Research conducted by vendor NQ Mobile and published in the Mobile Security Report confirms that Android officially surpassed Symbian as the most favored mobile platform targeted by malware designers.
The report indicates that in 2011 more sophisticated variants of malware infected as many as 10.8 million Android devices throughout the world, and the trend is expected to continue through 2012.
"Smartphones and tablets are finally delivering consumers with these converged and connected experiences we've been promised for so long. But this is a double edged sword: as smart device usage becomes more sophisticated, so too are cyber criminals' methods of attacking consumers' personal information," said says NQ Mobile's Omar Khan.
The conclusions were based on a database that receives samples from the company's cloud-based mobile security network comprised of more than 120 million customers.
Key findings in the report included:
- Malware threats to Android devices increased 1880 percent from January to December 2011
- More than 10.8 million Android devices worldwide were infected by malware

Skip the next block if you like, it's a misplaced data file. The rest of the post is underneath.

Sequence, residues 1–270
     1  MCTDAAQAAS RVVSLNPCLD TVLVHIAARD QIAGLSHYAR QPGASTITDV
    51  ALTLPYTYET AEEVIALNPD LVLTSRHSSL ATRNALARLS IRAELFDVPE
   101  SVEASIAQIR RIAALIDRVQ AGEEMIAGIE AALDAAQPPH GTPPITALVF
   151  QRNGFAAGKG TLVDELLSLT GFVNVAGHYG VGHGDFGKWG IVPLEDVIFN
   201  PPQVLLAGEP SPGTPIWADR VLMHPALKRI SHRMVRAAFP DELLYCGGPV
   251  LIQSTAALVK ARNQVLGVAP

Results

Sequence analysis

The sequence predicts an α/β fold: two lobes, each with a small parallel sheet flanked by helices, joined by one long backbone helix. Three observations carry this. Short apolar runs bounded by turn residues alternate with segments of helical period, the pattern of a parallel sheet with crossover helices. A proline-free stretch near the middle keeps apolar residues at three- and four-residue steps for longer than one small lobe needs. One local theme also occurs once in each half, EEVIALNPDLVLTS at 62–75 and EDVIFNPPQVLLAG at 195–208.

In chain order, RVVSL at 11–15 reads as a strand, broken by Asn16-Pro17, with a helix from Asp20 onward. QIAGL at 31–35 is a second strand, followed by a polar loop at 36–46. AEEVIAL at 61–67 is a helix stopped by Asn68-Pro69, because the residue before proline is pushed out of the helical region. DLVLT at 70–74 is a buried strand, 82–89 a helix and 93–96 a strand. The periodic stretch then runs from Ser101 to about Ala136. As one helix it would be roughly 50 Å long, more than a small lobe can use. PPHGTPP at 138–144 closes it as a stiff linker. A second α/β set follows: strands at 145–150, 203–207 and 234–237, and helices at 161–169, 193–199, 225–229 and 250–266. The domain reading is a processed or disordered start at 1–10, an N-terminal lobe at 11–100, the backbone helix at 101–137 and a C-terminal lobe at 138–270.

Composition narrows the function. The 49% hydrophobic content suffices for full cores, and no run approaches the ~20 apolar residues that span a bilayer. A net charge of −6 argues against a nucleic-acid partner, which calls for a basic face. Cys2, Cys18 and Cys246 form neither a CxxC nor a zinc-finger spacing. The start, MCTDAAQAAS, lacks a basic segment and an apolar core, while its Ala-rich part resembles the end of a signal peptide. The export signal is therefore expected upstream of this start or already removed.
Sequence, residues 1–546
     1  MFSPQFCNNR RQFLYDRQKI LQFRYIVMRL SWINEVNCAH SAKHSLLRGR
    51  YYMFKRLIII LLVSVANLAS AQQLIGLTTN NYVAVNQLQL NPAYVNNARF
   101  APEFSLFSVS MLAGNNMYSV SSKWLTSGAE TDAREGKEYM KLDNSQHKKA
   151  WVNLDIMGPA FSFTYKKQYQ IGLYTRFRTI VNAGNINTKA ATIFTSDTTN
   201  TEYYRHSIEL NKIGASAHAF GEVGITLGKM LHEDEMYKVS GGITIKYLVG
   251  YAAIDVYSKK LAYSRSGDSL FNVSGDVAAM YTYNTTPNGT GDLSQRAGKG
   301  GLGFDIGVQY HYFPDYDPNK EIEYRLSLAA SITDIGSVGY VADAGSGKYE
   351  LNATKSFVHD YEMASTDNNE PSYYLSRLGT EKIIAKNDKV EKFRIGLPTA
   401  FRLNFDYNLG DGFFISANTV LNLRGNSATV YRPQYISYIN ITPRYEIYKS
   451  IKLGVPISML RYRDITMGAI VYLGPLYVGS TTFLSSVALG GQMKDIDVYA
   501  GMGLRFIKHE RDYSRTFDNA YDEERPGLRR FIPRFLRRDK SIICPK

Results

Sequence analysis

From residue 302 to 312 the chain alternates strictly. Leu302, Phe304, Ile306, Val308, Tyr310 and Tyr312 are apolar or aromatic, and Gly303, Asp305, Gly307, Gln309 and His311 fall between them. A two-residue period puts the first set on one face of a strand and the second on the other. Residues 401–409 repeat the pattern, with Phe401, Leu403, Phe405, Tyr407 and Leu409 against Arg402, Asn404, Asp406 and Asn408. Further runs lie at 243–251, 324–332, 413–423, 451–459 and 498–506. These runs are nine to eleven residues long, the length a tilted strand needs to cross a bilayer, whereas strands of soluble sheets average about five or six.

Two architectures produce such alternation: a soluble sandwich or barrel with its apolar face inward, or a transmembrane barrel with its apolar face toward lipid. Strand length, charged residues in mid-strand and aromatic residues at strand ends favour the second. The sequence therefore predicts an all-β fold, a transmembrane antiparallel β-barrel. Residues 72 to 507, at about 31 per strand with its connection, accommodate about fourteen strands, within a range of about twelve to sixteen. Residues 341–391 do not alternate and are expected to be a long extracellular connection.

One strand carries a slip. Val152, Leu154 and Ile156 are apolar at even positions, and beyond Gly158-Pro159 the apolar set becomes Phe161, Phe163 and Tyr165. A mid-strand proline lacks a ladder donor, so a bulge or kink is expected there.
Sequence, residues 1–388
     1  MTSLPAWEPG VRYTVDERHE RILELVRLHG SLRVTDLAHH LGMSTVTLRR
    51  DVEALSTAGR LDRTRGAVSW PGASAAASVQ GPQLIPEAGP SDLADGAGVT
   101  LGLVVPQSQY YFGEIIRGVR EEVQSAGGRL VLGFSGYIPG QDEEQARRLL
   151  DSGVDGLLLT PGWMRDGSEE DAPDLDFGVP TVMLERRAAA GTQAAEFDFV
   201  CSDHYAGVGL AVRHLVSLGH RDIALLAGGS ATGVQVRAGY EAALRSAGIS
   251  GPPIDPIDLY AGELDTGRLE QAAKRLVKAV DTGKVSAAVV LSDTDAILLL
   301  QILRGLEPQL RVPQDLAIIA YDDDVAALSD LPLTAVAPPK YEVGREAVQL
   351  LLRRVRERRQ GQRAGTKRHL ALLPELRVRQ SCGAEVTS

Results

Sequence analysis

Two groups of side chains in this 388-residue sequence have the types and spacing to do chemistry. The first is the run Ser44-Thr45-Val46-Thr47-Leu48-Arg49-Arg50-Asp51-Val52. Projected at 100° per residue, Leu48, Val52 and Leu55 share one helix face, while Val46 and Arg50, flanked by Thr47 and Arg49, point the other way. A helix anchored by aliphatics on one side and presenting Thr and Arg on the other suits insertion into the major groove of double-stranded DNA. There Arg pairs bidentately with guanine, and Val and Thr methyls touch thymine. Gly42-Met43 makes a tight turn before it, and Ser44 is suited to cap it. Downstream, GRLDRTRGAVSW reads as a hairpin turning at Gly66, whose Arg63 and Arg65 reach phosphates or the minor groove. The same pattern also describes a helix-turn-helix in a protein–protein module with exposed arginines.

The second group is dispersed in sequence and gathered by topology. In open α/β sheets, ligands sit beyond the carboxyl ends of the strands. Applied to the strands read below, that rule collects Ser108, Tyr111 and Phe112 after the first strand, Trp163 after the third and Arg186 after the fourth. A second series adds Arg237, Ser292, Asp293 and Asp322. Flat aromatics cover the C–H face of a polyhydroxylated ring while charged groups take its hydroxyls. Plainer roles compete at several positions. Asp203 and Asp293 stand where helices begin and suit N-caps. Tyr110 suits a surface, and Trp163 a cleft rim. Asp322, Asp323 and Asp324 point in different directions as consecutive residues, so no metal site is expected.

- The top countries with infected Android devices were China, India, the United States of America, Russia and the United Kingdom
The report also examined other malware trends based on the extensive data collected, including what the company has identified as the top three malware infection techniques:
- Piggybacking on Legitimate Apps: Malware developers download popular applications, insert malicious code and then place the application back onto a marketplace. When users download and install this application it immediately launches its payload into the users smart device.
- Upgrade Apps to Malicious Apps: Similar to piggybacking, malware developers insert a special upgrade component into a legitimate application allowing application to be updated to a new, malicious version.
- Enticing Users for Downloads: The ability to side load applications outside of official application marketplaces allows malware developers an easy way to entice users to download malicious apps.
The report also offered the following predictions for continued trends in mobile malware development:
- More piggybacking on legitimate banking and financial apps as well as malware dressed up as security protection applications
- More SMS fraud scams that charge users high rates for messaging and collect users' personal data
- More mobile botnets which will take advantage of security gaps and allow hackers to send messages, make phone calls and access user contacts and other personal information